SCPH also will offer the following vaccines and other services for nominal fees: cat shot (annual booster), adult cat shot (for cats older than 5, good for three years), kitten shot (includes wormer), feline leukemia shot (outdoor cats only), dog shot (annual booster), adult dog shot (for dogs older than 5, good for three years), bordatella, puppy shot (includes wormer), HomeAgain microchip identification insertion and heartworm test.

For more information, call SCPH at 330-926-5600.


Women’s Network announces award winners

AKRON — Women’s Network of Northeast Ohio will recognize three people as recipients of its Founders’ Awards and Member of the Year Award.

The Founders’ Awards spotlight two Women’s Network members who have encouraged and supported the progress of women toward full participation in economic, community and family life, according to Women’s Network officials. Recipients are chosen in recognition of their outstanding contributions to women in two categories: The Economic Progress Founders’ Award recipient is Ilene Shapiro, Summit County Council representative (D-at large), and receiving the Community Progress Founders’ Award is Barbara Dzur, of Gerspacher Real Estate Group.

The Member of the Year Award honors one Women’s Network member whose attitude and actions embrace the mission of Women’s Network: to connect, empower and inspire. The recipient is a member who has had an impact in moving the organization forward, always seeking to make the organization better to fulfill its vision of supporting professional women in their development, according to organization officials. This year’s award recipient is Kirsten Lino, of FirstMerit Bank.

The awards will be presented during the Women’s Network annual meeting Sept. 18 beginning at 5:30 p.m. at Fairlawn Country Club, 200 N. Wheaton Road. Tickets can be purchased for $40 at www.womensnetworkneohio.com.

Event proceeds will benefit Women’s Network programs, including the Authentic Leadership workshop series, the THRIVE! Mentoring Program and the Judith Resnik Scholarship Fund.

For details, call 330-256-1122 or email wninfo@womensnetworkneohio.com.


Battered Women’s Shelter joining Purple Purse Challenge

DOWNTOWN AKRON — The Battered Women’s Shelter of Summit & Medina Counties (BWS) announced it is one of 146 organizations across the country selected to take part in Allstate Foundation’s Purple Purse Challenge for a chance to win the grand prize of $100,000.

The Purple Purse Challenge is a fundraising campaign for charities benefiting domestic violence survivors, according to BWS officials. The charity that raises the most during the challenge, which goes from Sept. 2 to Oct. 3, will receive a $100,000 donation from Allstate. Charities that raise the second through 10th highest amounts will receive lesser gifts from Allstate, with the foundation’s donations totaling $500,000, according to BWS officials.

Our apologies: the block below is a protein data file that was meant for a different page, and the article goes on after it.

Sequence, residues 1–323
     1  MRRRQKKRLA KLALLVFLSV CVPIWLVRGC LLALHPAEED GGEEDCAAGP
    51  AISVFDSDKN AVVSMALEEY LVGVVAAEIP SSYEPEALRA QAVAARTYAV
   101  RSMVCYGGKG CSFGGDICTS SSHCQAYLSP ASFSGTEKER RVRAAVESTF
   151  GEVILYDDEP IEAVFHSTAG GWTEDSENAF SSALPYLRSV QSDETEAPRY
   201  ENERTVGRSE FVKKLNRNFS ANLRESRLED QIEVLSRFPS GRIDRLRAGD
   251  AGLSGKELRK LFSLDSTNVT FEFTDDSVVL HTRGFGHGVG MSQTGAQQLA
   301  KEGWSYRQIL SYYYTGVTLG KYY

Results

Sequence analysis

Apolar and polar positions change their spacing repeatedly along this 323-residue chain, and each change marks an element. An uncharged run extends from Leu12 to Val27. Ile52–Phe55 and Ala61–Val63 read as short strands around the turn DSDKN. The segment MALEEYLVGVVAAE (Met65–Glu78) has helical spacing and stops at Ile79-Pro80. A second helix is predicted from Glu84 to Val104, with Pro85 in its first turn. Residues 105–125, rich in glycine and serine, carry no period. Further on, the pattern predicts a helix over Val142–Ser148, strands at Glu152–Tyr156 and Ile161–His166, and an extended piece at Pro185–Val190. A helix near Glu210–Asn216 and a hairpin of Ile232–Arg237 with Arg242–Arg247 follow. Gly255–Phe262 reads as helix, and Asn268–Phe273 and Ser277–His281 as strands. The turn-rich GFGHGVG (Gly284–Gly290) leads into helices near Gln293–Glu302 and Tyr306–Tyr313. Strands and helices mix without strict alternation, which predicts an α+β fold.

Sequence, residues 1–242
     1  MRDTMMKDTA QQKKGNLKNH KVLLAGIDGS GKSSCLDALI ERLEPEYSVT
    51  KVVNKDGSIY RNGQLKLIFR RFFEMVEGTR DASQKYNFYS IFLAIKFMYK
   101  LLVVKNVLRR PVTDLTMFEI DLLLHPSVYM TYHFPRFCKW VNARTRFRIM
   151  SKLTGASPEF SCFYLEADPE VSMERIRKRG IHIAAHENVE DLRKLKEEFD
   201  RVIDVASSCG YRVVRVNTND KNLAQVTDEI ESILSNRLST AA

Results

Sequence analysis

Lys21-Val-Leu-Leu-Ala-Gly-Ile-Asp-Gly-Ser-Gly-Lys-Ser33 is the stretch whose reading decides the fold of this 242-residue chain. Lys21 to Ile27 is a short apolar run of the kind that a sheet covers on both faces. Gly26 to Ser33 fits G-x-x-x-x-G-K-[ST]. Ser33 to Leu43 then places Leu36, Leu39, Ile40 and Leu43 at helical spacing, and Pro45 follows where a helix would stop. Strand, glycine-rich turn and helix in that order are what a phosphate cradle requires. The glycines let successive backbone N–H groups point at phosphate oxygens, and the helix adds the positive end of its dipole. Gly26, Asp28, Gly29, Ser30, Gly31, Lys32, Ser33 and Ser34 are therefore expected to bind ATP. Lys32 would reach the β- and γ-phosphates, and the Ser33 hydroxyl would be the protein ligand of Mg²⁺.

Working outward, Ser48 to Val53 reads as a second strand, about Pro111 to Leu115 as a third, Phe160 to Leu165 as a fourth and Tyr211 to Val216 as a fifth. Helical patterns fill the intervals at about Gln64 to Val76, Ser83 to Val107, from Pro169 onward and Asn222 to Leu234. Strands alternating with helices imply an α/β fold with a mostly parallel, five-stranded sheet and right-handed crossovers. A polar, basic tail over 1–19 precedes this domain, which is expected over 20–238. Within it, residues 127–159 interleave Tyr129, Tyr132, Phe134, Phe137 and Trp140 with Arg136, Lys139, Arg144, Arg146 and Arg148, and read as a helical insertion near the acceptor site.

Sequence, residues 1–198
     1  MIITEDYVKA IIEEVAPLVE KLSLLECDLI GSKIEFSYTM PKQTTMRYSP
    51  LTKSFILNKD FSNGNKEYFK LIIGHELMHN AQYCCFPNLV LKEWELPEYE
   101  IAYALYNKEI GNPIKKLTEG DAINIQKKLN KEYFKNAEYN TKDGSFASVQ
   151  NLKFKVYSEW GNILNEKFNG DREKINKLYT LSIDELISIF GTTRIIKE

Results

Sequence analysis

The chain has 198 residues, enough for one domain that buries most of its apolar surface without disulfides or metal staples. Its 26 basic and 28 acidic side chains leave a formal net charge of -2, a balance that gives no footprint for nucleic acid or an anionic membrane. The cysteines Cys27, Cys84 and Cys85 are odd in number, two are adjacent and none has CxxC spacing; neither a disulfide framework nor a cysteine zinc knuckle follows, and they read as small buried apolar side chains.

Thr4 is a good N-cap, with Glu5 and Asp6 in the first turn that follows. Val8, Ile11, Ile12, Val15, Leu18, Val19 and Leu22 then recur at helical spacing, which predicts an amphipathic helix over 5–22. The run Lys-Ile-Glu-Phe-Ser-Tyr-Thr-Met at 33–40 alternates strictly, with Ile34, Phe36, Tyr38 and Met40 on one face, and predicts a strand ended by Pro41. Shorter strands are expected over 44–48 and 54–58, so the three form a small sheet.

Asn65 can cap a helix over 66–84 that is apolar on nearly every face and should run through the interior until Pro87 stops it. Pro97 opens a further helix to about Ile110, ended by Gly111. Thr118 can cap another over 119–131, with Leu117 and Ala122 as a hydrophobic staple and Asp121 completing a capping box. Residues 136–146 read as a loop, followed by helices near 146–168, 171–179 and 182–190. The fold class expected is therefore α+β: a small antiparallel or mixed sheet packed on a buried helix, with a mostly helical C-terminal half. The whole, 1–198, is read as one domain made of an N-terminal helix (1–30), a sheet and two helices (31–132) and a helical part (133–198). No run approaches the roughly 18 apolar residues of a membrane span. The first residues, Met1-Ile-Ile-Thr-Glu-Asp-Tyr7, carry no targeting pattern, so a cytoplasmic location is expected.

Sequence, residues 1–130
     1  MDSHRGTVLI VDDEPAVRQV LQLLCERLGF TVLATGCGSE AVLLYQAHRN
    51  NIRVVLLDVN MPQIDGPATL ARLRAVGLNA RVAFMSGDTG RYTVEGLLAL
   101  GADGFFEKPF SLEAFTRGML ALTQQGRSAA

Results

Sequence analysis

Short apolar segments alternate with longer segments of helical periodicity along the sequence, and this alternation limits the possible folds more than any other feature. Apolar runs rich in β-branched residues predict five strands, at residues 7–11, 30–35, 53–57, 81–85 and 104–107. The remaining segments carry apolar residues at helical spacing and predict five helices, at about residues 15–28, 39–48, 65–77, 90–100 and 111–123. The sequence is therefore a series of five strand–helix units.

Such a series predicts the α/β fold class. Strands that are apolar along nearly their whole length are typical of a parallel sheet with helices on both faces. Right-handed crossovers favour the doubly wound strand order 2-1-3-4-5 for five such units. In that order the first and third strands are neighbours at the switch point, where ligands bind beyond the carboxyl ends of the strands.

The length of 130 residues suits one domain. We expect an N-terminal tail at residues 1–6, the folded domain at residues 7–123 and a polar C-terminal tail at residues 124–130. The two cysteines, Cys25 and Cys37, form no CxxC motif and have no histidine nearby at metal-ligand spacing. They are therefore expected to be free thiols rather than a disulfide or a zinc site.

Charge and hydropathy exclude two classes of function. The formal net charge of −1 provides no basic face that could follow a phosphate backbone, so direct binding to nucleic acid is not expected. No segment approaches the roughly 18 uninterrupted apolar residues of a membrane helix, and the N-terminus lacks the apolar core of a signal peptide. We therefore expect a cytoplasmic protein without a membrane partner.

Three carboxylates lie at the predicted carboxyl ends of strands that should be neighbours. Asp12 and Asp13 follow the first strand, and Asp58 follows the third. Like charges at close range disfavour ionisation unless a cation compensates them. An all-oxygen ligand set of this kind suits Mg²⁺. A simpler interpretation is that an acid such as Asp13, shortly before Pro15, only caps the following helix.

“We will be featuring a unique community challenge each week as we compete for ‘bonus’ cash donations,” said Terri Heckman, CEO of BWS. “All funds raised through this challenge will support our mission to break the cycle of abuse and promote peace in every family.”

BWS is asking for the community’s help to win the $100,000 grand prize by making donations at https://www.crowdrise.com/purplepurse-bws. Also, supporters of BWS are encouraged to post the link to social media sites and through email to family and friends.

BWS also is encouraging supporters to become its partnering fundraisers in the Purple Purse Challenge. To become a fundraiser, click on “Fundraise for This Community Partner” and follow the instructions.

Since the agency’s inception in 1976, services to residents of Summit and Medina counties have grown and BWS is able to provide support to victims of domestic violence through a 24-hour toll-free hotline; emergency food, clothing and shelter; early intervention classes; case management; court and youth advocacy; crisis intervention for children who have witnessed violence; preventive education; transitional housing; community support groups; and outreach education.

For more information, contact Brittany Paliswat at 330-374-0740 or BrittanyP@scmcbws.org.


Constitution Day Celebration set for Sept. 17

DOWNTOWN AKRON — The Akron Bar Association’s Sept. 17 Constitution Day Celebration will commemorate the signing of the U.S. Constitution in 1787.

The annual event will take place at 4 p.m. at the Akron-Summit County Main Library, 60 S. High St.

U.S. District Court Judge John Adams will administer the Oath of Allegiance for new citizens, according to event organizers. The ceremony includes participation from local dignitaries and young people, organizers said. The theme for this year’s event is the 200th anniversary of the national anthem.

The public is welcome to attend. Refreshments will be served, organizers said.


Ariel Hakim, Pam Lifke and Maria Lindsay contributed to these reports.